Radio does not employ enough terms for discussing itself

 Our vocabulary strains at detailing and discussing all the sound events and their activity. Our present list of available terms only gets to a small percentage of what comes in to our ears.
 Sound takes a back seat to film in this. Reviews of films can use some complicated terms. It's urgent that sound catches up! THE EYES HAVE IT!
 We are in constant contact with the SOUND WORLD - we are surrounded by it. We are held back by our lack of sensitivity to sound. We have to be more inquisitive about sound and talk more about it.


Academic study of sound has not got to the stage yet of fully mapping the area. There is not enough of a disciplinary focus across academic institutions. See the 'RADIO DRAMA BIBLIOGRAPHY' for some marvellous contributions to sound and its vocabulary at

  See Barry Truax articles at
  See Barry Truax Internet Site - HANDBOOK FOR ACOUSTIC ECOLOGY - at

 The the visual is prioritized in everyday experience. See 'Oculocentrism or ocularocentrism - dominance of seeing in our senses'



There are dangers in visually-based theoretical terms. See 'Oculocentrism or ocularocentrism - dominance of seeing in our senses'


 See 'Listening - how people listen' at

 Academic (theoretical) terms belong to only one possible system and this operates ONLY on its own terms. See 'Radio theory - what is it for?' at

and 'Theory - what is it?' at


 Alan Beck's discussion of this

Beck, Alan, 2001b, 'Playing By Ear: new ways of teaching and researching radio drama, Studies in Theatre Production


3.3 Extending the vocabulary
Radio, overall, is still under-theorised (Lewis and Booth, 1989, xii-xiii and 3), and needs to draw on other disciplines, film especially in my opinion. I describe film as 'radio drama's significant other'. My preference among the all-too-few current theorists in film sound is for Michel Chion (Chion 1994; Crook, 1999, 70, 81-9), Edward Brannigan, Murray Smith and Gianluca Sergi. (A reading list is available on the Radio Theory site.) Many radio drama listeners have their aural skills refined in the cinema, as I outlined above.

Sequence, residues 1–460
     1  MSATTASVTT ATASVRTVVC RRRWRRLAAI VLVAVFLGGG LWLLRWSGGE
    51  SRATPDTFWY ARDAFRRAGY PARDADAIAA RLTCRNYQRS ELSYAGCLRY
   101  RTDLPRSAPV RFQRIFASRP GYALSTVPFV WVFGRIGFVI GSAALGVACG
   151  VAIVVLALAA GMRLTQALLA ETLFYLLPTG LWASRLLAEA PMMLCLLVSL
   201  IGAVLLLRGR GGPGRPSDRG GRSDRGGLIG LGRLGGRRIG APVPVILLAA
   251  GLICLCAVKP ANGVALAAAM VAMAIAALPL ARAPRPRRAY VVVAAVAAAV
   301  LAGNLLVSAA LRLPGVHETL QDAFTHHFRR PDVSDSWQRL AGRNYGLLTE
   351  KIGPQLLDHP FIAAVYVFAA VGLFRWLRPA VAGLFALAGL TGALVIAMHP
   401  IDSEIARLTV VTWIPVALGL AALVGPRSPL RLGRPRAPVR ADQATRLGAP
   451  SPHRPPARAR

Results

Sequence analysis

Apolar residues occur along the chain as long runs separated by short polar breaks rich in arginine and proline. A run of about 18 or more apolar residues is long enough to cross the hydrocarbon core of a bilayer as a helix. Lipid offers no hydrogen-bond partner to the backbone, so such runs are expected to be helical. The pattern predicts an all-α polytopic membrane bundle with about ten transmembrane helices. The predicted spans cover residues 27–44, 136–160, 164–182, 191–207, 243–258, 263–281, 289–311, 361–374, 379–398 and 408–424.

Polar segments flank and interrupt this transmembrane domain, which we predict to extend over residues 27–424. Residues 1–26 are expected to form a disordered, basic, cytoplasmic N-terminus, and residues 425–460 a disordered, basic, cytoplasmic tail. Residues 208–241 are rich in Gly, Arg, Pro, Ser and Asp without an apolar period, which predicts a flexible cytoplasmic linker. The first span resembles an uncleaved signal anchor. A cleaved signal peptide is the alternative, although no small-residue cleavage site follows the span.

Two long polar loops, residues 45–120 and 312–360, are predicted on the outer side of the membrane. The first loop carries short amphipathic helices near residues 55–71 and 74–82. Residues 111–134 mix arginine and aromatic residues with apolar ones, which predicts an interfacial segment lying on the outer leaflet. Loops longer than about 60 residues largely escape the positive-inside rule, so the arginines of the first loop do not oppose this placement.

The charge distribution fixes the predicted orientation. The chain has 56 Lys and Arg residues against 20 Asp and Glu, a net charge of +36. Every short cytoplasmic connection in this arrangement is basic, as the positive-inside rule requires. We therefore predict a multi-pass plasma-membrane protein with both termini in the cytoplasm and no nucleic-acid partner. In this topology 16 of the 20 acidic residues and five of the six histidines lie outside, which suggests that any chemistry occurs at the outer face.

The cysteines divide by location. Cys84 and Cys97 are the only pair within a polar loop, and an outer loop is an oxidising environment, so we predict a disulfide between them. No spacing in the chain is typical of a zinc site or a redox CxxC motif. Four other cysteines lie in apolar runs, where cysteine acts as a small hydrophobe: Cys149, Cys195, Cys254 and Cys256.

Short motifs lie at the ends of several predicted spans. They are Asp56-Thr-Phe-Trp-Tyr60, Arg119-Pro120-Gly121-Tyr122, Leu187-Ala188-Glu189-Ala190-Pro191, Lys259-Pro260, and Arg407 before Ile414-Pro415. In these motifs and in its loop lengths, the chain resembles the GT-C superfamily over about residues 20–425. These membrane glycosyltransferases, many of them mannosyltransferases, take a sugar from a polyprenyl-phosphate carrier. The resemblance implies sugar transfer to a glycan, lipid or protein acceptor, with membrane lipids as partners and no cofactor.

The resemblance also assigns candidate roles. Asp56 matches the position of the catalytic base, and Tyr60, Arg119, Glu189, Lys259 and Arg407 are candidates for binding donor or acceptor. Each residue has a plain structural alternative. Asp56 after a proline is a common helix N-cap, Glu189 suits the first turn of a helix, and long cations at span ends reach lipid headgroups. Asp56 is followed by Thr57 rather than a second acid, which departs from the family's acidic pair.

Further, as I touched on above, radio has not a descriptive, critical, artistic and theoretical vocabulary as evolved and precise for its many tasks as we would wish it. The complaint goes back to Arnheim, 1936, 17. Sergi 1998 starts his study of film sound with a regret about 'the lack of a proper vocabulary with which to articulate the complexity of the subject' (156). Elissa Guralnick explains that in her study of Beckett, Stoppard, Pinter, etc., '[I] have made little mention of so-called production values - sound effects, background music, electronic filters for noises and voices, and the like' (Guralnick, 1996, xi).

Radio itself was never part of that 1980s theoretical explosion which drove film, for example, into work on subject and object. Crook's chapter, 'Sound design vocabulary', gives an effective collection to date, with commentary (Crook, 1999, 70-89). I introduce or adapt some terms myself, given in the Glossary.

Examples are the 'extra-radio world' corresponding to film's 'profilmic event' or 'profilmic object', that is, the world out there at which the microphone points. Also there is the radio 'mise en scène', well-known in theatre scenography and even more widely applied in film studies (Beck, 2000, 'Mise en scène'). I transpose from film theory the term 'suturing devices'. Their purpose is to 'stitch in' or 'bind in' and position the listener. They make up for radio's 'absence' (Crisell, 1994, 56). I hope these terms will be found meaningful in future work but the aim must be overall, to produce on the page, as detailed an analysis of key radio play scenes as one finds in film studies.


SEE for bibliography.

SEE GLOSSARY FOR THIS ARTICLE at Beck, Alan, 2001b, 'Playing By Ear: new ways of teaching and researching radio drama, Studies in Theatre Production





See also Thomas Leitch, 'Twelve fallacies in contemporary adaptation theory', Criticism, Spring, 2003






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